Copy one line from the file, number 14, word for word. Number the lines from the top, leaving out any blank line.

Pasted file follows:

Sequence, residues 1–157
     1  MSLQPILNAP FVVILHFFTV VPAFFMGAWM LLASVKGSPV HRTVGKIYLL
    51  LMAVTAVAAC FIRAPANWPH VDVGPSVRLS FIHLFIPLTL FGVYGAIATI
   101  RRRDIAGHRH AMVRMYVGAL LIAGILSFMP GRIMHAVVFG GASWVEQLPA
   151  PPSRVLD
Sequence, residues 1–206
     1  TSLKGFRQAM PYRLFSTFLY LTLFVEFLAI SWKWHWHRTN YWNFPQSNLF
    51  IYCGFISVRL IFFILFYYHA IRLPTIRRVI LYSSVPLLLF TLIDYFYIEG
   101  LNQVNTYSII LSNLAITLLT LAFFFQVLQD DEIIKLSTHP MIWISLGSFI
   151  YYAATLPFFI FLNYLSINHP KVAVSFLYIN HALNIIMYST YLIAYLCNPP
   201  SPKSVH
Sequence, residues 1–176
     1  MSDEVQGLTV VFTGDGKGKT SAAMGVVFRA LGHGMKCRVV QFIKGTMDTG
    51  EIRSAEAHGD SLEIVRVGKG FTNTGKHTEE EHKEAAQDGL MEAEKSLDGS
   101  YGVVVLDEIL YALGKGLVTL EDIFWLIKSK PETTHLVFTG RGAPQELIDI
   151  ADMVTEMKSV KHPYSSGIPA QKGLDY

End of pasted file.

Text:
    51  EIRSAEAHGD SLEIVRVGKG FTNTGKHTEE EHKEAAQDGL MEAEKSLDGS